- More advanced forms of microdata and other technical factors, along the lines of schema tags and rich snippets, are bound to explode as well. These types of tags allow the search engines to slice and dice particular pieces of data — clearly labeled as such through these types of tags — and display them in interesting ways within their results. Employment of these types of enhancements will give marketers an edge, as competitive advantages that can be used to help them stand out in a crowded online marketplace.
How to Approach SEO Here & Now
Step One: Breathe. There are so many aspects of SEO — with hundreds of factors incorporated into current search-engine algorithms — that it’s easy to feel completely overwhelmed in trying to tackle it all. This is why it’s so important to lay out a plan, as the first order of business. Make sure that you have all of the basics covered, and then scale up, as your budget allows, to pursue additional terms and more competitive phrases.
Given the complexity and range of tactics involved, it really helps to have a team to handle all of the moving parts. Because SEO now spans so many left- and right-brained skills — from keyword research, coding work, and data analysis to content development, graphic design, and social engagement — one person will have a very difficult time handling all of the different dimensions. Split up the tasks among those who can handle each aspect best. Make sure all efforts are centrally coordinated, so that all of the moving parts work together optimally.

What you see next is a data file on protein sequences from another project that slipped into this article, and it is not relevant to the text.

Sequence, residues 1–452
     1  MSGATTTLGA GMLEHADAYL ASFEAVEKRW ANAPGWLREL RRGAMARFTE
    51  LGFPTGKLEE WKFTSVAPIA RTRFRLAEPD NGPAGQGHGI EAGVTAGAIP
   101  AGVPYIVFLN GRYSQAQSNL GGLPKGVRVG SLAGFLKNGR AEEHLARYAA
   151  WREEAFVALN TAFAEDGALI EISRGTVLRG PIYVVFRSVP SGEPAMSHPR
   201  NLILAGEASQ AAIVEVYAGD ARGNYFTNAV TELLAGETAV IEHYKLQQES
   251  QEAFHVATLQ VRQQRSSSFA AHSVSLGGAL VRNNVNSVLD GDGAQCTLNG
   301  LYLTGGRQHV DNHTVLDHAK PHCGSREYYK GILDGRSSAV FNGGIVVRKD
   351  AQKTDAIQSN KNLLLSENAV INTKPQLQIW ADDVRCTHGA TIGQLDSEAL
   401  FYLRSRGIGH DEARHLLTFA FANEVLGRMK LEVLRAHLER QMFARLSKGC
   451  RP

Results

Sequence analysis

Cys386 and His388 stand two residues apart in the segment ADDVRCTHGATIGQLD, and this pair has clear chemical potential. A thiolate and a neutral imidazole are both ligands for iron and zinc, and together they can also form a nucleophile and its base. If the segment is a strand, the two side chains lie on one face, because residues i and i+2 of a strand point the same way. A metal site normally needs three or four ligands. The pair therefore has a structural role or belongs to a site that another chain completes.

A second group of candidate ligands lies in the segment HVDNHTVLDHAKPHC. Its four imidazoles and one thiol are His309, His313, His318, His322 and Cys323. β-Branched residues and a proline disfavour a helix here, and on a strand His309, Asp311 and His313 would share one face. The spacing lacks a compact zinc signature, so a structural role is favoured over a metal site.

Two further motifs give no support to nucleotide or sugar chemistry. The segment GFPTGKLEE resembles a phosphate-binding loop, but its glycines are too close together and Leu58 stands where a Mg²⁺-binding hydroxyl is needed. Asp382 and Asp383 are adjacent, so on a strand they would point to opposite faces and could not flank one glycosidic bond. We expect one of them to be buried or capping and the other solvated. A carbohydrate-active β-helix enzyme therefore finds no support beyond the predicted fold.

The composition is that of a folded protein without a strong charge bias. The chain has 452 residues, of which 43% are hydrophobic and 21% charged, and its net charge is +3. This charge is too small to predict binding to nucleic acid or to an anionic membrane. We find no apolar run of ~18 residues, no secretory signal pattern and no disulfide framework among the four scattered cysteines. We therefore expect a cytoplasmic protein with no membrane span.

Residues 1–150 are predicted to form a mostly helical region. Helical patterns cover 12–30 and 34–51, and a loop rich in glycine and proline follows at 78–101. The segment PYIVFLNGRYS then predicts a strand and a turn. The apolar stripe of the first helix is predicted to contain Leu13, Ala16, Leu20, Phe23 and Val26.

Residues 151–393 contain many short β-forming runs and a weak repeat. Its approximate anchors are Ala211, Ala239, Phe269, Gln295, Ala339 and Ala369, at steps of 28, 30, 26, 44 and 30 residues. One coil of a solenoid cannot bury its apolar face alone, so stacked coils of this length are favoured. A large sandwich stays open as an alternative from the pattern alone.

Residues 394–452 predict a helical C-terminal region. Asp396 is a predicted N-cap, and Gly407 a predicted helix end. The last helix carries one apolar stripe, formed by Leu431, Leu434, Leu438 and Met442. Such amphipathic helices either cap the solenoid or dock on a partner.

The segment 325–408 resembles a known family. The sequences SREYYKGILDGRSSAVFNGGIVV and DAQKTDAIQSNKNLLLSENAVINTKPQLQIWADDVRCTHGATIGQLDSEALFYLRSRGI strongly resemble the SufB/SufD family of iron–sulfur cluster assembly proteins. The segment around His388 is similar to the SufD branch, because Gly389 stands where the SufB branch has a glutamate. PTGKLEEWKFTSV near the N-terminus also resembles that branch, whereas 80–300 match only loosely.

Keep a watchful eye on performance statistics through regularly scheduled reporting, and invest more of your time and money in what proves most successful — to magnify the overall impact.
To keep everything in proper perspective, simply remember: The search engines are ultimately designed to serve best-match content to their users typing in various phrases. How can you show them that your site is clearly relevant to what their users are hunting for? Let this simple principle be the central guide for all of your efforts.
About the Author
Pablo lives in San Antonio, TX with his wife and two sons. He spends most of his time playing at work and working at play, with the same goal: having fun doing it. If you’d like to connect with Pablo, you can find him at linkedin.com/in/pablocalvo322.